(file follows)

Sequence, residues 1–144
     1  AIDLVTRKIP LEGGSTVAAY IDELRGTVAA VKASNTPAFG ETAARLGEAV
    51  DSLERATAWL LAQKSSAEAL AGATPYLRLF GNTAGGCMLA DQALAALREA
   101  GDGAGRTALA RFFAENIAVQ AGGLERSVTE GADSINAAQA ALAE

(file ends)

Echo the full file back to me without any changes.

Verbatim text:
Sequence, residues 1–144
     1  AIDLVTRKIP LEGGSTVAAY IDELRGTVAA VKASNTPAFG ETAARLGEAV
    51  DSLERATAWL LAQKSSAEAL AGATPYLRLF GNTAGGCMLA DQALAALREA
   101  GDGAGRTALA RFFAENIAVQ AGGLERSVTE GADSINAAQA ALAE